- The Washington Times - Wednesday, September 21, 2005

‘New era’ in Egypt

Egyptian Ambassador Nabil Fahmy is convinced that the unprecedented multiparty presidential election in his country marks a “new era in Egyptian politics.”

Mr. Fahmy, who returned to Washington earlier this month after flying home to cast his ballot and observe the voting, said, “I can attest to the fact the Egypt’s first direct multi-candidate presidential election is indeed historical in its impact on political life in Egypt.”

Although Hosni Mubarak won 88.5 percent of the vote in his quest for another six-year term, he faced political opponents for the first time in his 24 years as president. His earlier elections were uncontested referendums.

Pro-democracy advocates complained about some irregularities, but many agreed that the Sept. 7 election put Egypt on an irreversible course toward more open government.

Mr. Fahmy, in a written review of the election, said, “While the elections held in Egypt … were by no means perfect, there is no denying that they ushered in a new era in Egyptian politics.”

The ambassador conceded he was disappointed in the low turnout of 23 percent of Egypt’s 32 million registered voters.

“Egyptians would have been better served if they had overcome their skepticism toward politics and exercised their right and duty to participate in this historic event,” Mr. Fahmy said.

The ambassador insisted that the elections were fairer than some critics claimed.

“Every national election in history, everywhere in the world has been the subject of allegations of irregularities; and there probably have been some in this case as well. The Egyptian Election Commission will render the definitive determination in this regard,” he said.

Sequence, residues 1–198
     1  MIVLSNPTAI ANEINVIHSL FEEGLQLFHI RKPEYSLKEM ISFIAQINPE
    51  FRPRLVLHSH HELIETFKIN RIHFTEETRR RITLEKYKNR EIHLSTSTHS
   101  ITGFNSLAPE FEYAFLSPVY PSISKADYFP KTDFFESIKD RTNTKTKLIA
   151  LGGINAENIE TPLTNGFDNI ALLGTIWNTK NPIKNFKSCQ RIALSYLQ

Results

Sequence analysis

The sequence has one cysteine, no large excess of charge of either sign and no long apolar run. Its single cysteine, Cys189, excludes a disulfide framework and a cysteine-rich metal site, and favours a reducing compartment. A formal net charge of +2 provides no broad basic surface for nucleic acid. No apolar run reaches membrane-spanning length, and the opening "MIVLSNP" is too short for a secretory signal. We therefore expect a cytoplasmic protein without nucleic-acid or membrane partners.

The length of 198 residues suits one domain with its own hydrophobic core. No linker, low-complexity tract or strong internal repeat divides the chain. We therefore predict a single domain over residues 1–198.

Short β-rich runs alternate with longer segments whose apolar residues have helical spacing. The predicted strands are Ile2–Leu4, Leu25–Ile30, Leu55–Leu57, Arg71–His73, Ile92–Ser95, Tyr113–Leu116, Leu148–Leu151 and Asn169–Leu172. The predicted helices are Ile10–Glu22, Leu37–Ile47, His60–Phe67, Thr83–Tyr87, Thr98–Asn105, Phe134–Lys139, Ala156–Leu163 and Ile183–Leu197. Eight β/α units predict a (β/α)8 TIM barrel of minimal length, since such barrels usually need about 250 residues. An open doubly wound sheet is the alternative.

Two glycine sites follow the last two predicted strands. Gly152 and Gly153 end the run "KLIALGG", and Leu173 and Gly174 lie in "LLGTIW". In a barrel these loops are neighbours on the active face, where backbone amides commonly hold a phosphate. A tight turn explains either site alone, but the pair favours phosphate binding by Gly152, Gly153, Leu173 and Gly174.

Mr. Fahmy noted that the contested election forced Mr. Mubarak to campaign nationwide and make specific campaign promises that voters can monitor. Mr. Mubarak promised “sweeping political changes” that will make the presidency more responsible to the parliament, now dominated by Mr. Mubarak’s National Democratic Party.

“He also promised to introduce reforms that would ensure broader political party representation in all elected bodies and would consolidate the representation of women in these bodies, as well as strengthen the concept of local government and further the process of decentralizing decision-making and checking the powers of the president,” Mr. Fahmy said.

In another development, two members of Mr. Mubarak’s Cabinet are in Washington to explain his plans for further economic reform to attract foreign investment.

Finance Minister Yousef Boutros-Ghali and Investment Minister Mahmoud Mohieldin today will brief invited guests at the American Enterprise Institute on those economic programs.

AEI specialists expect to question the ministers on whether Egypt plans to privatize its largely state-run economy and whether Mr. Mubarak will deliver on his campaign promises.

Caspian naval power

The United States thinks the key to protecting the vast energy resources in the Caspian Sea is to improve the naval power of former Soviet republics along its coastline, said the U.S. ambassador in Azerbaijan.

Ambassador Reno Harnish told Agence France-Presse that Washington plans to spend $135 million to help Azerbaijan and Kazakhstan modernize their coast guards. The United States already has invested $30 million to help Azerbaijan upgrade radar systems and improve personnel training and ship repair.

“Only recently have we started to see that we need both of them to cooperate to make this thing work,” he said, referring to the two countries.

“We’ve mentioned this to the government of Azerbaijan, and we’re working on it. It’s a work in progress.”

Azerbaijan and Kazakhstan have an estimated 37 million barrels of oil in their sectors of the Caspian Sea.

Call Embassy Row at 202/636-3297, fax 202/832-7278 or e-mail jmorrison@washingtontimes.com.

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